January 27

What is a Salvage Title?


Buying an automobile is something many people do within their lifetimes, but often, they don’t have much practice at making the best deals. When it comes to buying used vehicles, there’s more to it than just negotiating a price. Buying used means you’ve got to do more research.

When you’re not a veteran vehicle purchaser, it can be extremely confusing and exhausting to try and sift through unfamiliar vehicle terms. If you’re trying to save as much money as you can, you might even consider buying a salvage title. But what does that actually mean?

The Meaning of a Salvage Title

First, and most importantly, let’s discuss what a salvage title is. Simply put, a car with a salvage title has been deemed a “total loss” – the cost of repairs would be more than the value of the vehicle – by the insurance company. This seems straight-forward, but the devil is in the details.

There are many reasons that a car may be determined a “total loss,” including damage from accidents; hail; flood; fire; deployment of safety features, such as air bags; and in some states, theft. To make things more complicated, each state has its own guidelines to determine if a car is a “total loss,” so a car with a salvage title in one state may not be considered a “total loss” in another state.

Now, you may be thinking, “Hold on, if the car was totalled, why should I buy it?” Just because a vehicle has earned the salvage title label doesn’t necessarily mean that it’s undrivable. The Consumer Federation of America reports that each year, nearly 2.5 million cars are totalled and nearly 1.5 million of them are repaired and returned to the road. Many of these cars are a bit older and have already depreciated in value, so even damage from a minor accident could exceed the value of the vehicle, though they still operate well.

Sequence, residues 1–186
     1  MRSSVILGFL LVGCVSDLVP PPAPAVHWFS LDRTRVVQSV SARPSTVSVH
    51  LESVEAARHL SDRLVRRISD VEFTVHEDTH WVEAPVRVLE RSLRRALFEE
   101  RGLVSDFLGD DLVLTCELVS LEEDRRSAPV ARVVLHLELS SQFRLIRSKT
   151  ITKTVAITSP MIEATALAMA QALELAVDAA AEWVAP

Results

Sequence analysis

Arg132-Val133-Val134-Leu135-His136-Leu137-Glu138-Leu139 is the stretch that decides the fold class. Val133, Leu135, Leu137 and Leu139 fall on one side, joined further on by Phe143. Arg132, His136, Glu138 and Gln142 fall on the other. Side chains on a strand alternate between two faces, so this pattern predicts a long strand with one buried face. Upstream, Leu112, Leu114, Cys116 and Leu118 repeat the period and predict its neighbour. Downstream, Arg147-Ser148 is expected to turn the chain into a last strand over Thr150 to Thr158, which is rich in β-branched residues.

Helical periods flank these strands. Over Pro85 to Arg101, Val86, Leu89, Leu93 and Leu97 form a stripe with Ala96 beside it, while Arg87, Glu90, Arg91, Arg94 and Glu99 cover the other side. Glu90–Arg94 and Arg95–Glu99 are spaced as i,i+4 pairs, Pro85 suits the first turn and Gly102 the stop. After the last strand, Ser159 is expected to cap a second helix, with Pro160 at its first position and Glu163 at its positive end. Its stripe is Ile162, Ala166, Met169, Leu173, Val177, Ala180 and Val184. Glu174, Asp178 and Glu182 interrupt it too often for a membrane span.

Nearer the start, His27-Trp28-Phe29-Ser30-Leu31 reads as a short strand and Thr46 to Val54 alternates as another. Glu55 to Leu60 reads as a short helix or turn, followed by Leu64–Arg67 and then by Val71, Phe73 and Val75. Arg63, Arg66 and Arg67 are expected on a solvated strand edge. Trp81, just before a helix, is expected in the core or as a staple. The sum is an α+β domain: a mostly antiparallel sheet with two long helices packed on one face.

5 Benefits of Buying a Salvage Title

Once you realize that a salvage title isn’t a death certificate for a vehicle, there are several reasons why buying a one could be beneficial to you.

1. Cost

A car with a salvage title that has already been fully-repaired may sell for a significant amount less than a car with a clean title. You can easily save thousands of dollars by buying a salvage title. The most important thing to consider is whether the repairs were done by a qualified professional.

2. Cheap Insurance

Though some companies may not cover salvage titles, if you shop around, you’ll eventually find one that does. Because the car is devalued in the eyes of the insurance company, this means you will receive a lower premium to cover the car. Not only is the car cheaper to buy, but it will continue to save you money on your monthly insurance bills.

3. No Resale

This might seem like a negative at first, but it means you can maximize your own use of the car. You don’t have to worry about the value of the car falling because you won’t try to sell it later. For example, small cosmetic damage from backing into a pole won’t be a huge source of stress.

4. Ability to Use Two Cars

Many people buy one nice car for family trips, special events, and more; but they’re afraid that putting too many miles on the car will lower the value for resale. By using a salvaged vehicle for day-to-day driving or messy jobs that may cause damage, you can avoid extra wear-and-tear on your family vehicle and increase your resale profit a year or two down the line.

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5. Rebuild It Yourself

If you’re a hobbyist or professional mechanic, buying a salvage title not only saves you money, but gives you something to work on. Buying a car before it is repaired will save you even more money on top of the reduced price. When considering a buy, be sure you take the future cost of parts into consideration of the total price.

salvage title

Things to Think About When Buying a Salvage Title